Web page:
A bit of a project on RS Fords has got me all fired up for the genre of late, the focus on the, er, current Focus perhaps inevitable. It’s a very impressive car and one that makes clever use of some signature all-wheel drive technology to cut angles never seen before from a car of this type. Well, assuming you don’t mind replacing tyres on an hourly basis. Which you’ll have to if you get a bit carried away with the Drift Mode. Ask me how I know this…
JUN 20th 2017
Dan Trent: The Mk1 Focus RS is the most hardcore, and the one you want
But if the current car impresses with its global remit to sell Ken Block enabled hot hatches to Americans, and its predecessor is honest to the more thuggish traditions of the breed, the first-generation Focus RS is my pick. Mainly I love the fact it’s the most understated to look at but, in fact, the most hardcore in terms of its engineering and breeding. While perhaps not as dominant as the Escorts of the 70s and early 80s, it was inspired by a bona fide WRC car – remember RS stands for Rallye Sport after all.
Colin McRae will always be associated with Subarus but he also rallied a Martini-liveried Focus WRC. OK, he crashed it quite a lot too, that mangled shell he somehow managed to keep rolling after two big crashes in Cyprus in 2002 always dragged out as a ‘McCrash’ compilation favourite. But both he and McRae senior were Ford men at heart, onboard in the McRae/Grist Focus the kind of mesmerising footage I can watch on endless repeat. If you ever wondered where the ‘if in doubt, flat out’ reputation came from, watch the video above. Utterly terrifying.
There was no homologation link between the RS road car and the WRC versions rallied by McRae, Sainz and others. But the emotional one is enough for me. Plus the fact it hails from a time when Ford’s performance division had a proper skunk works vibe. Cars like the Racing Puma and the original Focus RS felt less the carefully managed global product and more the creation of a bunch of talented engineers working some way under the corporate radar. And the Focus RS was an enthusiast’s car, built by enthusiasts with no regard for the bottom line. Which is why Ford allegedly made a loss on each of the 4,501 sold.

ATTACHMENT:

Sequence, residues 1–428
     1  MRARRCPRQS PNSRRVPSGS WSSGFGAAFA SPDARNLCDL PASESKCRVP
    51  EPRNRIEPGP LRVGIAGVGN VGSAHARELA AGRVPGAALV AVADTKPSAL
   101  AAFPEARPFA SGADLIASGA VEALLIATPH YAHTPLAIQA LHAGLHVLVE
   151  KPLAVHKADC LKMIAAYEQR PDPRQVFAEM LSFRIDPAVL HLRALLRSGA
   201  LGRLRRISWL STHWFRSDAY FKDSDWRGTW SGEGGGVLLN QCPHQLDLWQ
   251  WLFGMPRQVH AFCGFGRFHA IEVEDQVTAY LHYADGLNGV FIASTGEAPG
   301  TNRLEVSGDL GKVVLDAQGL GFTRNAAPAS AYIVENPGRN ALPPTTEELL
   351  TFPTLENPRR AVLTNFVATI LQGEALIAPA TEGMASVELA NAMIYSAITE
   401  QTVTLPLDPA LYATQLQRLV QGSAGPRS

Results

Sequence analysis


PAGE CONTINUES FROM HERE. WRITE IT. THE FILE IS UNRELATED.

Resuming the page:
This is explained by the cherry-picked parts from the likes of Quaife (the controversial limited-slip differential), Sachs for the dampers (same as the outstanding Clio Trophy of the same era), OZ for the gorgeous five-spoke wheels, Brembo for the brakes and Sparco for the interior bits. The standard Focus of this era handled superbly; suitably enhanced it was even better, even if lead-footed reviewers unable to manage basic skills like throttle modulation moaned about the torque steer. Drive one today and you’ll find a far more flowing, nuanced car than you have been led to believe, the modest sounding 212bhp and locking diff paired with an exceptional chassis and tremendous brakes. It drives as well as it looks. And it looks superb.
Not long ago you could get one for well under £10K. Most are around the £15K mark now, with super low mileage ones up for more than double that. RS Fords have always had passionate followings and values of good ones are likely to go one way and one way only. My chosen car has sensible miles, a one-owner history and looks to have been well cared for. I’m not so keen on the aftermarket exhaust and for a car like this I think originality is important; I’d ditch this for a standard system but apart from that this looks like a great place to put your money and appreciate one of the best Fords to wear the RS badge. One worth looking after a little more carefully than McRae!
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